What most experts do agree is that HSDD is closely linked to certain psychosocial factors that impact both a woman's self-image and her relationship to sex. When experiencing the loss of libido, a woman will often describe feelings of frustration, hopelessness, anger, poor self-esteem, and loss of femininity while concurrently expressing dissatisfaction with her sex life, partner, or marriage.

Age is also a factor. While aging itself doesn't inherently play a part, a woman's cultural reference to age can. One study conducted by the University of Melbourne in Australia reported that American women were far more to experience HSDD as they got older compared to a matched set European women (19 percent versus 13 percent, respectively). This suggests that social and cultural stress can contribute as much to the risk of HSDD as one's own psychological vulnerabilities.

Physiological Causes of HSDD

In terms of medical causes, there is a clear association between the lack of sexual desire and a woman's general health. Conditions like thyroid disease and certain autoimmune disorders, for example, are closely linked to HSDD. In cases like these, any malfunction in hormonal/immune regulation can significantly affect the excitatory sexual systems of the brain. Moreover, the medications used to treat these disorders can interfere with the various neurotransmitters that modulate sexual desire.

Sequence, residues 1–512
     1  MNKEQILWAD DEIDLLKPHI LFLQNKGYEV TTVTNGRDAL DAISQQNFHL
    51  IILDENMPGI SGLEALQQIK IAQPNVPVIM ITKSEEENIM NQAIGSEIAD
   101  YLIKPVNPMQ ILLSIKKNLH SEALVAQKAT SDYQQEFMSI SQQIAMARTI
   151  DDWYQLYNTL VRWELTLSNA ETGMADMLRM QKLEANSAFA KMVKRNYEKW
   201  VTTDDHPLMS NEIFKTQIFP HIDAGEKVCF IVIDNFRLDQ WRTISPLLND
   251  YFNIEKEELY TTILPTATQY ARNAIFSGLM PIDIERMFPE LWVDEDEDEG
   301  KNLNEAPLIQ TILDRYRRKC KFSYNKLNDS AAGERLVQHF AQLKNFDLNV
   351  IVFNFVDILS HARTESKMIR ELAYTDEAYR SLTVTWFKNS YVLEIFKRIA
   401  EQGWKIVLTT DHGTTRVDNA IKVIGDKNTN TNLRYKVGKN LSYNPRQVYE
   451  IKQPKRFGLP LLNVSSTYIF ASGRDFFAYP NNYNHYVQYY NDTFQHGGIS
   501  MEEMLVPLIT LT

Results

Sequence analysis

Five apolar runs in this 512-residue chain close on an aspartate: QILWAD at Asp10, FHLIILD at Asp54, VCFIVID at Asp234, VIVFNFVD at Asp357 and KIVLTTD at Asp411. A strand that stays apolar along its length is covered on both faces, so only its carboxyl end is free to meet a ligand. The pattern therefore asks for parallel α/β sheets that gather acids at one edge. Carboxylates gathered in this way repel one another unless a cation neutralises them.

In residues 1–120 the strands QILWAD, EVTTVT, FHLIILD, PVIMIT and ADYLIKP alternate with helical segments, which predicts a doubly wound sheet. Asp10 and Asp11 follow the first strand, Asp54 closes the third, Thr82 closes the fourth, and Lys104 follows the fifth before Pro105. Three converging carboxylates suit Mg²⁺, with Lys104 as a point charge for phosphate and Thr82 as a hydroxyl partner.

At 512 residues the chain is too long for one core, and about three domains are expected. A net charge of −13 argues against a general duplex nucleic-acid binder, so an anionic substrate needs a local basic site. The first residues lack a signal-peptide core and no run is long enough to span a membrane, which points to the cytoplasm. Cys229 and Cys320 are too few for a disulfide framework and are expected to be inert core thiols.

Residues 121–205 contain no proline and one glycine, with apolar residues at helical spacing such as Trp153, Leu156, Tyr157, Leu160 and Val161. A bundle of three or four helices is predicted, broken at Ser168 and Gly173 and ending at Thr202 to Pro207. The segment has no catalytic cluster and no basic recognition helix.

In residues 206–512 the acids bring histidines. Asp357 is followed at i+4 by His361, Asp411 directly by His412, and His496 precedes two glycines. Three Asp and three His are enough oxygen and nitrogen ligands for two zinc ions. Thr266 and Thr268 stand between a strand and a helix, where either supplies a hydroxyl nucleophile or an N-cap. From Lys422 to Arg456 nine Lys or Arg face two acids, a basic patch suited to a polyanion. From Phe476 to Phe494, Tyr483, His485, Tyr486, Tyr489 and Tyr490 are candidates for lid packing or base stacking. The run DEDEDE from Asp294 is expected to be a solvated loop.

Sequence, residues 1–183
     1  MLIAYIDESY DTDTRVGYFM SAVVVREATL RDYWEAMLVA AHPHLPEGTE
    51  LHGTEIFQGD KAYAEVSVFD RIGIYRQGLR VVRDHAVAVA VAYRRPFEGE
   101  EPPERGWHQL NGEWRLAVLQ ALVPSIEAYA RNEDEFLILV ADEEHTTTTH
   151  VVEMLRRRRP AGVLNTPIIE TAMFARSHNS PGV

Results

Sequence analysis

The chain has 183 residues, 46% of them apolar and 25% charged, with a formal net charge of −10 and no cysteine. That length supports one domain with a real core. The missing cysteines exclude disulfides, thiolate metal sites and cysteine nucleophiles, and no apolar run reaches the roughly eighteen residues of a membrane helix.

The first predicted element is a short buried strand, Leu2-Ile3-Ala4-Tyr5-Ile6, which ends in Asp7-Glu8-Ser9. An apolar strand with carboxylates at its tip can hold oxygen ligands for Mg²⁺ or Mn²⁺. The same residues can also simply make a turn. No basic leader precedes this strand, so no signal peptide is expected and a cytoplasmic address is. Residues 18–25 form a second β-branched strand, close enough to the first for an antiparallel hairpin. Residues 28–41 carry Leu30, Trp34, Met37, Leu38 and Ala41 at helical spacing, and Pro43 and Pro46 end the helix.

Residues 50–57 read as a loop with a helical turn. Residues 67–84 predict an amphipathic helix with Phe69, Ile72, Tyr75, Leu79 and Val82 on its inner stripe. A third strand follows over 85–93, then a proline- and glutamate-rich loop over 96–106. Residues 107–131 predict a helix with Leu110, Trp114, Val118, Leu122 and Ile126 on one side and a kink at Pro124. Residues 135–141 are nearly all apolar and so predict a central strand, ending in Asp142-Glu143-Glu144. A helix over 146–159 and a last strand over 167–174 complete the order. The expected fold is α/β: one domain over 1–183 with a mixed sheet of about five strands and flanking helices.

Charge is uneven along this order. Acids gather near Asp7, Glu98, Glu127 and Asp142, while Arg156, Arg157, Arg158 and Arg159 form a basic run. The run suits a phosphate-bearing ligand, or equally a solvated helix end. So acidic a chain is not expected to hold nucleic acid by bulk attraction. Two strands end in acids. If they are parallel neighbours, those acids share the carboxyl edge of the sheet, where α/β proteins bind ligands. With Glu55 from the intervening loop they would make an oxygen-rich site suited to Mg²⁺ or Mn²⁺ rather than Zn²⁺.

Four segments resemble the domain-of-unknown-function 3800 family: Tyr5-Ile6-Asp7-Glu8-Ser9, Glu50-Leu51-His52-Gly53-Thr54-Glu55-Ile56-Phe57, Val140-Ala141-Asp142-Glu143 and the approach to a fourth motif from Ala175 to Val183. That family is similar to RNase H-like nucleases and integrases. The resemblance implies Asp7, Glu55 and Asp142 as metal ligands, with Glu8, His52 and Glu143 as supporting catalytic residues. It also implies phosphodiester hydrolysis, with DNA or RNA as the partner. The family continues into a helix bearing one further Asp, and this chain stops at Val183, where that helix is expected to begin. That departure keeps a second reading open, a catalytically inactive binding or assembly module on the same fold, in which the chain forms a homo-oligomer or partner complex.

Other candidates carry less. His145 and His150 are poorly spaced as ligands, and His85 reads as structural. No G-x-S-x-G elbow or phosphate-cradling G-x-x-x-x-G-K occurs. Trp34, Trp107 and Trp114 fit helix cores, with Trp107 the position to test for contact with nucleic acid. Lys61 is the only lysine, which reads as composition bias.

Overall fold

The effect is more than just theoretical. Positron emission tomography (PET) scans of the brain were able to show this in a 2016 study from the University of Queensland in Australia. In their research, the investigators found that women with HSDD who were shown erotic videos had weaker activation of the right side of the brain (which performs tasks related to creativity and imagination) and less deactivation in the left side (which oversees logics and reason). This effect was not only consistent but had a characteristic "signature" among the women tested.

While this should not suggest that HSDD is a condition purely defined by hormones and neurotransmitters, it does illustrate how a treatment plan focused solely on the psychological aspects of low libido may come up short.

Diagnosis and Treating HSDD

In order to effectively treat HSDD, a doctor would need to conduct an extensive evaluation of all possible causes, both biological and psychological. For this reason, the treatment plan can vary dramatically from one woman to the next.

Typically speaking, the doctor will treat the most distressing aspects of the condition first while exploring any co-existing condition or drug treatment that may be directly or indirectly contributing.

If psychotherapy is indicated, the woman would likely to be referred to a sex therapist who would be better able to determine the appropriate course of treatment, either conducted alone or with her partner.

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Article Sources